At a time when most of McDonald’s competitors are still shell-shocked from the recent recession, the fast-food giant is undertaking its biggest store-by-store makeover in the chain’s 56-year history: The 500-pound clown of fast food is trying to look more like a grown-up.
It’s a $1 billion-plus undertaking that McDonald’s and its franchisees hope, by 2015, will have the vast majority of America’s 14,000 McDonald’s looking comfortable enough to hang out in long after you’ve gobbled down your burger, fries — and smoothie.
For the next generation of McDonald’s customers, the notion of what a McDonald’s restaurant looks like inside and out could be turned on its head. Goodbye, fiberglass tables and industrial steel chairs. Adios, neon-yellow, bright-red interiors. Hello, wooden tables, comfortable faux leather chairs and interiors newly painted in muted oranges, yellows and even subtle greens.
Take away all the McDonald’s signage — and the familiar front counter area — and customers who were to drive by or step inside wouldn’t likely know they were face-to-face with a McDonald’s. Even from the street, many of the changes are immediately apparent. No more clown-red roofs. No more confusion about what door to use. And that all-too-familiar white facade has been replaced with more inviting earth tones and glass.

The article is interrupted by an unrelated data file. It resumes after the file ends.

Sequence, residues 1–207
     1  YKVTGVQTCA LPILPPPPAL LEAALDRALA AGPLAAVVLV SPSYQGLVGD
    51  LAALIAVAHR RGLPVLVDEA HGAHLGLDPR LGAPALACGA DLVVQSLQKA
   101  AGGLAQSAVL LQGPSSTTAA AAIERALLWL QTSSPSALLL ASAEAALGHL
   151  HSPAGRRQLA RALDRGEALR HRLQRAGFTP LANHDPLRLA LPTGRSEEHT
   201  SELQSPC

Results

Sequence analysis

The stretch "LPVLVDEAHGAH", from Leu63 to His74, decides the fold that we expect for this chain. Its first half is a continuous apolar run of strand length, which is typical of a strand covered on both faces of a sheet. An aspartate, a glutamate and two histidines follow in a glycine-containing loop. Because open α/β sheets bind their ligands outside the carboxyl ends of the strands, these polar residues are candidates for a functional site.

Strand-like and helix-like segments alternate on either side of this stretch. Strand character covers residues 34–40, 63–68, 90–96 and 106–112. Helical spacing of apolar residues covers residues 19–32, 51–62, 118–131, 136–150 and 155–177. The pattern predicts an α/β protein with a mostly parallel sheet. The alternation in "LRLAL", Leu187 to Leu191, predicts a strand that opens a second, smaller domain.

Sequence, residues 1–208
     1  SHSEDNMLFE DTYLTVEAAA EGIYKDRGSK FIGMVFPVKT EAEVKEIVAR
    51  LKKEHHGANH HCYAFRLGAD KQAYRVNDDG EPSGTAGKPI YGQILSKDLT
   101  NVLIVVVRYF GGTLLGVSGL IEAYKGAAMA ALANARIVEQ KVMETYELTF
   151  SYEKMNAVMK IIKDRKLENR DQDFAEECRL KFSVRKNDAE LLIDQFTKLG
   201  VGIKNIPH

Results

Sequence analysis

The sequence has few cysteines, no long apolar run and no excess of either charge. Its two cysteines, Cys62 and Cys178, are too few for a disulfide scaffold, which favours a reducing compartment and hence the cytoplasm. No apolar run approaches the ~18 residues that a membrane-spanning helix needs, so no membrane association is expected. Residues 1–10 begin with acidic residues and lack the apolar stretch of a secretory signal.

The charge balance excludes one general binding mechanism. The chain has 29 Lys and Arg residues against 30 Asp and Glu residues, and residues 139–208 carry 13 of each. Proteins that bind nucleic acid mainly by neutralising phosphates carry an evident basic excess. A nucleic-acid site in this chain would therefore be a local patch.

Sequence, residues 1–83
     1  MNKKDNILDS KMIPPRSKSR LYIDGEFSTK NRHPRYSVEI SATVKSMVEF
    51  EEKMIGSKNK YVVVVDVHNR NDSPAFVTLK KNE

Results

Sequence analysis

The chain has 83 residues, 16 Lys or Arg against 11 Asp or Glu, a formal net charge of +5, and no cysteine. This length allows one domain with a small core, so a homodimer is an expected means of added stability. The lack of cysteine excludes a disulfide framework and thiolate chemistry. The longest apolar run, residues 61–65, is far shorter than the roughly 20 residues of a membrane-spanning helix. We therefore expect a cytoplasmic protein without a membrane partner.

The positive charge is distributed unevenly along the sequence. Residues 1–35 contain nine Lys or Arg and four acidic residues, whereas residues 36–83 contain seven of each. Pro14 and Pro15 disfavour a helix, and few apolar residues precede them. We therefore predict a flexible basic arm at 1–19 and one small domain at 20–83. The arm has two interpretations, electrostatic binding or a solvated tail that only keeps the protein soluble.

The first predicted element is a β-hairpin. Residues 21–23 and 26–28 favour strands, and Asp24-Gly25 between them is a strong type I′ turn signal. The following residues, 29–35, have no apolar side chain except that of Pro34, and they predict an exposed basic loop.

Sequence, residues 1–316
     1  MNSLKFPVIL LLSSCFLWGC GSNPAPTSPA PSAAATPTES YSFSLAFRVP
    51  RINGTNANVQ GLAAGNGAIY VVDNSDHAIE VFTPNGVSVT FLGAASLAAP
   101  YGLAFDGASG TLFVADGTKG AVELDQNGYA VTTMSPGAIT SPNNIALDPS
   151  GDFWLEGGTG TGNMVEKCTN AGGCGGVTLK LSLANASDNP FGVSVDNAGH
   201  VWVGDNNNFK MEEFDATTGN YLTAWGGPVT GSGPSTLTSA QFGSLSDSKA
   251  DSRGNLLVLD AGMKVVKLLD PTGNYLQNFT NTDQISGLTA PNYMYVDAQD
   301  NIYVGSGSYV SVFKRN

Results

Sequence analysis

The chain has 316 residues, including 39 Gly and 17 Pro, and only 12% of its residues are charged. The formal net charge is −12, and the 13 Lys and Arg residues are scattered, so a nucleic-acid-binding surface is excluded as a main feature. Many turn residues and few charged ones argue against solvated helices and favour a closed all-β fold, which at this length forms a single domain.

Before any other media have eyeballed the changes — even before select restaurant industry analysts get a sneak peek later this week — USA TODAY was given a look at the McDonald’s remodeling plans in Tampa that will set the tone for the rest of the nation. After revamping 280 stores in various markets last year, McDonald’s is now opting for the Tampa model and will spread that design to upwards of 800 locations this year — roughly triple what it did last year.
“McDonald’s has to change with the times,” says Jim Carras, senior vice president of domestic restaurant development for the giant chain. “And we have to do so faster than we ever have before.”